Balaban v. Prummell et al

Filing 34

ORDER granting in part and denying in part 28 Defendant's Motion to Dismiss Plaintiff's Second Amended Complaint. The Second Amended Complaint's Counts I and IV, and the punitive damages requests in Counts I, II, III, and IV, are DISMISSED. Plaintiff shall file any Third Amended Complaint within 30 days. See Order for details. Signed by Judge John L. Badalamenti on 6/4/2024. (MAG)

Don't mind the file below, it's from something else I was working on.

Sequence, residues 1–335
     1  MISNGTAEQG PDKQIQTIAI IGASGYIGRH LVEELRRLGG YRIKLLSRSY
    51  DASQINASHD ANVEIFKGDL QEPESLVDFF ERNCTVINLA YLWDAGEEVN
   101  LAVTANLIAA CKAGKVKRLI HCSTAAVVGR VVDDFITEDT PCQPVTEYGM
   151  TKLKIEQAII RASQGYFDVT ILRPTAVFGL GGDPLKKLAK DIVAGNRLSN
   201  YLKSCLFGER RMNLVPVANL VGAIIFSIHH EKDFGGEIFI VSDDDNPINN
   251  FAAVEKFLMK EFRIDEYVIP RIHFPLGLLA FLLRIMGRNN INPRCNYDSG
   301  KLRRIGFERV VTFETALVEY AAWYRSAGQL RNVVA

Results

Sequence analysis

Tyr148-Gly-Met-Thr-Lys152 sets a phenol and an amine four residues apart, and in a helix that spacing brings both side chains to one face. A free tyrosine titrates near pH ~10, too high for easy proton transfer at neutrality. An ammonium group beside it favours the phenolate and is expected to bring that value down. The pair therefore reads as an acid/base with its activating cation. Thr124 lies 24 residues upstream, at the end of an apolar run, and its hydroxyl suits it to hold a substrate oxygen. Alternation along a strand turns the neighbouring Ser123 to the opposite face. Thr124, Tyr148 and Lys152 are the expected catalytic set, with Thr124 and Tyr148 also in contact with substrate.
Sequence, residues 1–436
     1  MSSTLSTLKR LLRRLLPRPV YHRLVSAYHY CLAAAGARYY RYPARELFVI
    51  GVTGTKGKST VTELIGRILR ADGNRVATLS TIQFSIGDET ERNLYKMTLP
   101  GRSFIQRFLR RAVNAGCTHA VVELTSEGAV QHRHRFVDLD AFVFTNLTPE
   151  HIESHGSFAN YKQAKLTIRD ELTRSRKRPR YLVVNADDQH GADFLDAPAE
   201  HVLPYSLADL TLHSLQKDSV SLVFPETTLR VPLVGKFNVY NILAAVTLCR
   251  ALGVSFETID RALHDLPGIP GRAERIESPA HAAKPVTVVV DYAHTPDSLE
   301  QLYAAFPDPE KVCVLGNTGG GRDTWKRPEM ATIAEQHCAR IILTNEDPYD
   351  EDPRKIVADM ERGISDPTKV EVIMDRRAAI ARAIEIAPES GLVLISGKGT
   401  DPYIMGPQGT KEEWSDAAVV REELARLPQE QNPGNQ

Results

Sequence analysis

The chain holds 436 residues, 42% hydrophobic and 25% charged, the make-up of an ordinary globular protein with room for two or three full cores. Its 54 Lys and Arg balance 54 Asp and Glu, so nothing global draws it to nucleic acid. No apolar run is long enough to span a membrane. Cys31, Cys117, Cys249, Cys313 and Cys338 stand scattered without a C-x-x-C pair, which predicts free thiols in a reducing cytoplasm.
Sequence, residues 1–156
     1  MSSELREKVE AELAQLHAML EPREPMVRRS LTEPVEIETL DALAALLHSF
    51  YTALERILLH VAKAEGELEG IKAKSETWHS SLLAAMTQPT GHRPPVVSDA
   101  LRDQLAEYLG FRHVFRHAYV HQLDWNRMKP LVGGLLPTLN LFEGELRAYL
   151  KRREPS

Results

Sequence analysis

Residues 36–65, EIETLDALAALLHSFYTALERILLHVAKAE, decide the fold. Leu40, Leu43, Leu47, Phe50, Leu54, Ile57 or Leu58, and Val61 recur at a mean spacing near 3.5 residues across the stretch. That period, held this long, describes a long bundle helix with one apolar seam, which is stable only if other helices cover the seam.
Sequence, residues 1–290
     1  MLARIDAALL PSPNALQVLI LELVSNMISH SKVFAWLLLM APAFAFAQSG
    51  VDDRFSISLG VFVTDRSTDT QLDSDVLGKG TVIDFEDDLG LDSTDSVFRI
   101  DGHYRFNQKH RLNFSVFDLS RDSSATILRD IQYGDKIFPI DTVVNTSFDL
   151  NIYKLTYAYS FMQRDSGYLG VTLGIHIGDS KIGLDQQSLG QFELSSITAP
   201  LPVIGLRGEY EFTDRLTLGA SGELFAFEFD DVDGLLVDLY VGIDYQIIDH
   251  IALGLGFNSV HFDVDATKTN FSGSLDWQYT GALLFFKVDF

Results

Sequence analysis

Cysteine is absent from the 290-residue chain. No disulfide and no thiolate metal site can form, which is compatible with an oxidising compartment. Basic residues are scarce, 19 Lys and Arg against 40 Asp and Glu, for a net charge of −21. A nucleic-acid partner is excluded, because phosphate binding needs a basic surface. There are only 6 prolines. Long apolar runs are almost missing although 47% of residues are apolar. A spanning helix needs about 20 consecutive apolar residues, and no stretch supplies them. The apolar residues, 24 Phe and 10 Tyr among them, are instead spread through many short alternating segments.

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UNITED STATES DISTRICT COURT MIDDLE DISTRICT OF FLORIDA FORT MYERS DIVISION PATRICIA BALABAN, Plaintiff, v. Case No: 2:23-cv-379-JLB-NPM BILL PRUMMELL, as Sheriff of Charlotte County, Florida Defendant. _______________________________________/ ORDER Plaintiff Patricia Balaban’s Second Amended Complaint (“SAC”) alleges fourcounts under 42 U.S.C. § 1983 against her former employer, Bill Prummell, Sheriff of Charlotte County, Florida. (Doc. 26 at 1, 5–8). Defendant has filed a Motion to Dismiss. (Doc. 28). In response, Plaintiff “concede[s] that dismissal is appropriate as to Counts I and IV” and “that punitive damages cannot be had against Defendant,” but otherwise opposes Defendant’s Motion. (Doc. 31 at 1–7 & n.1). In light of Plaintiff’s concessions, Defendant’s Motion to Dismiss is GRANTED in part, to the extent that Counts I and IV and the punitive damages requests set forth in all four counts are DISMISSED. For the reasons stated herein, Defendant’s Motion to Dismiss is otherwise DENIED. Plaintiff shall file any Third Amended Complaint, consistent with this Order, within 30 days. LEGAL STANDARDS Federal Rule of Civil Procedure 12(b)(6) allows a complaint to be dismissed for failure to state a claim upon which relief can be granted. To survive a motion to dismiss under Rule 12(b)(6), a complaint must contain enough facts to “state a claim to relief that is plausible on its face.” Ashcroft v. Iqbal, 556 U.S. 662, 678 (2009) (quoting Bell Atl. Corp. v. Twombly, 550 U.S. 544, 570 (2007)) (internal quotation marks omitted). This standard of plausibility is met when the plaintiff pleads “factual content that allows the court to draw the reasonable inference that the defendant is liable for the misconduct alleged.” Id. “Threadbare recitals of the elements of a cause of action, supported by mere conclusory statements, do not suffice.” Id. Thus, factual allegations that are “merely consistent with a defendant’s liability” fall short of this standard. Id. (internal quotation marks omitted). When reviewing a motion to dismiss, courts must accept all factual allegations contained in the complaint as true and view the facts in the light most favorable to the plaintiff. Bryant v. Avado Brands, Inc., 187 F.3d 1271, 1273 n.1 (11th Cir. 1999); Erickson v. Pardus, 551 U.S. 89, 93–94 (2007). Legal conclusions, however, are “not entitled to the assumption of truth.” Iqbal, 556 U.S. at 680. As such, “conclusory allegations, unwarranted factual deductions or legal conclusions masquerading as facts will not prevent dismissal.” Davila v. Delta Air Lines, Inc., 326 F.3d 1183, 1185 (11th Cir. 2003). 2 DISCUSSION I. Whether the SAC fails to provide sufficient notice of whether Defendant has been sued in his individual or official capacity Defendant contends that the SAC is a “shotgun pleading” because it fails to provide sufficient notice as to whether he is being sued in his official or individual capacity. (Doc. 28 at 1–2, 4–5). As Defendant recounts, Plaintiff’s motion to amend her complaint had suggested that Sheriff Prummell was being sued only in his official capacity. (Id. at 1, 5; see Doc. 19 at 1 (“Plaintiff wishes to amend the complaint to remove [Prummell] as a defendant in his individual capacity only....”)). But Defendant points to portions of the SAC to contend that the capacity in which he has been sued remains unclear—e.g., (i) the SAC’s description of Defendant as a “natural person” who had been Plaintiff’s “supervisor and ultimately responsible for [Plaintiff’s] hiring, discipline and termination”; and (ii) the SAC’s assertion of punitive damages, which Defendant argues are available in section 1983 cases only against defendants sued in their individual capacity. (Doc. 28 at 4–5, 10 (internal quotation marks omitted)). 1 Plaintiff, in response, asserts that the SAC’s first paragraph—which states that Plaintiff “sues defendant, Bill Prummell, as Sheriff of Charlotte County”—removes any ambiguity here. (Doc. 31 at 2; Doc. 26 at 1 (emphasis added)). The Eleventh Circuit has explained that “[t]he main concern of a court in determining whether a plaintiff is suing defendants in their official or individual Defendant further notes that he has not been served in his official capacity. (Doc. 28 at 5 n.2). 1 3 capacity is to ensure the defendants in question receive sufficient notice with respect to the capacity in which they are being sued.” Young Apartments, Inc. v. Town of Jupiter, 529 F.3d 1027, 1047 (11th Cir. 2008). Although “plaintiffs are not required to designate with specific words in the pleadings that they are bringing a claim against defendants in their individual or official capacities,” plaintiffs must provide defendants with sufficient notice. Id. In light of Plaintiff’s concession that Count I and IV and her punitivedamages requests should be dismissed from the SAC (Doc. 31 at 1 n.1), the Court concludes that the best course is for Plaintiff to file a Third Amended Complaint, which (i) removes these two counts and the punitive-damages requests and (ii) explicitly states in what capacity Defendant is being sued. See Young Apartments, 529 F.3d at 1047 (stating that “it is ‘clearly preferable’ that a plaintiff state explicitly in what capacity defendants are being sued”) (citation omitted); see also Pinto v. Collier County, No. 2:19-cv-551-FtM-60MRM, 2019 WL 5722172, at *2 (M.D. Fla. Nov. 5, 2019) (“Because the Court is granting Plaintiff the opportunity to amend his complaint, any amended complaint should specifically delineate in which capacity Plaintiff is suing each of the defendants in each count.”). Although Defendant requests that the SAC be dismissed with prejudice (Doc. 28 at 2, 5), the SAC specified at the outset that Defendant was being sued “as Sheriff of Charlotte County” (Doc. 26 at 1). The Court accordingly concludes that clarification, rather 4 than dismissal with prejudice, is appropriate. 2 Plaintiff’s Third Amended Complaint should explicitly state in what capacity Defendant is being sued and should be appropriately served. II. Whether Counts II and III of the SAC fail to state a claim for relief Counts II and III of the SAC allege, respectively, that Defendant violated Plaintiff’s Equal Protection and First Amendment rights. (Doc. 26 at 6–7). Defendant moves to dismiss both Counts II and III on the ground that they each fail to allege but-for causation. (Doc. 28 at 2, 7–8). Defendant points to Plaintiff’s allegation in one paragraph of the SAC—that she was terminated “because [Defendant] was embarrassed”—to argue that the SAC fails to allege that Plaintiff was terminated (i) because of her gender (Count II), and (ii) in retaliation for her speech (Count III). (Id. at 2, 8 (quoting Doc. 26 at ¶ 23) (emphasis altered)). In response, Plaintiff refers to additional SAC paragraphs to contend that Counts II and III sufficiently state a claim. (Doc. 31 at 2–6 (citing Doc. 26 at ¶¶ 24, 32, 35)). As to the Equal Protection Claim (Count II), Plaintiff points to paragraphs 24 and 32, which respectively allege: The Court further notes that although the Magistrate Judge had “encourage[d] plaintiff to revisit her proposed second-amended complaint considering defendant’s arguments” in response to her motion to amend (Doc. 21; see Doc. 28 at 1–2), this Order is the Court’s first substantive decision on a motion to dismiss in this case. (See Doc. 27 (denying previous motion to dismiss as moot due to the filing of the SAC)). 2 5 A review of prior incidents of discipline of PRUMMEL’s law enforcement personnel under the general orders under which Plaintiff was disciplined, shows that Plaintiff’s termination was inconsistent with and significantly departed from the punishments previously imposed for conduct of similar magnitude against males. . . . The conduct of PRUMMELL deprived Plaintiff of equal protection of the law under the 14th Amendment to the United States Constitution, in that she was treated differently as to the discipline imposed upon her than similarly situated males. (Doc. 31 at 3–4; Doc. 26 at ¶¶ 24, 32). As to her First Amendment retaliation claim, Plaintiff refers to paragraph 35, which alleges: The foregoing acts and practices of PRUMMELL constituted a deprivation of Plaintiff’s right to free speech under the First Amendment to the United States Constitution, in that in investigating and ultimately terminating Plaintiff, PRUMMELL was retaliating against Plaintiff for exercising her right to report the misconduct of the Fort Myers Police Department and the reporting of a crime against her, which were in part matters of public concern. (Doc. 31 at 6; Doc. 26 at ¶ 35). The Court disagrees with Defendant’s reliance on one paragraph of the SAC (i.e., paragraph 23) to contend that the SAC fails to state a claim in Counts II and III. See, e.g., Speaker v. U.S. Dep’t of Health & Human Servs., 623 F.3d 1371, 1382– 83 (11th Cir. 2010) (reading the complaint “as a whole” and rejecting motion to dismiss argument premised on one paragraph in the complaint) (citing Aldana v. Del Monte Fresh Produce, N.A., Inc., 416 F.3d 1242, 1252 n.11 (11th Cir.2005) (“[w]e read the complaint as a whole”) (internal quotation marks omitted)). Here, Plaintiff has alleged in Count II disparate treatment as compared with similarly situated males. See, e.g., Hornsby-Culpepper v. Ware, 906 F.3d 1302, 1312 (11th Cir. 2018) (“The Equal Protection Clause of the Fourteenth Amendment prohibits . . . sex 6 discrimination in public employment.”); Austin v. City of Montgomery, 353 F. App’x 188, 191 (11th Cir. 2009) (“To properly plead an equal protection claim, a plaintiff must allege that, through state action, similarly situated persons are treated disparately.”). Further, Plaintiff has alleged in Count III that she was terminated in retaliation for her speech. See, e.g., Alves v. Bd. of Regents of the Univ. System of Ga., 804 F.3d 1149, 1159 n.4 (11th Cir. 2015) (outlining analysis for “a public employee’s claim that her employer’s disciplinary action was in retaliation for constitutionally protected speech,” including that “the speech played a substantial part in the adverse employment action”). Accordingly, Defendant’s Motion to Dismiss is due to be denied. That said, Plaintiff shall file a Third Amended Complaint based on her concession that Counts I and IV, and her punitive damages requests, should be dismissed. Moreover, because Counts I and IV are dismissed, Plaintiff should revisit whether any of her factual allegations in the SAC’s first 26 paragraphs related only to those counts. As a final note, Plaintiff is reminded that a complaint should satisfy the Twombly/Iqbal standard—i.e., its allegations should not consist of “barren recitals of the statutory elements, shorn of factual specificity.” Speaker, 623 F.3d at 1384 (citing Twombly, 550 U.S. at 555). Indeed, Plaintiff should ensure that the Third Amended Complaint complies with the governing pleading standards. 7 CONCLUSION For the foregoing reasons, Defendant’s Motion to Dismiss (Doc. 28) is GRANTED in part and DENIED in part. The SAC’s Counts I and IV, and the punitive damages requests in Counts I, II, III, and IV, are DISMISSED. Should Plaintiff choose to proceed forth with this litigation, she shall file a Third Amended Complaint, consistent with this Order, within 30 days. ORDERED at Fort Myers, Florida on June 4, 2024. 8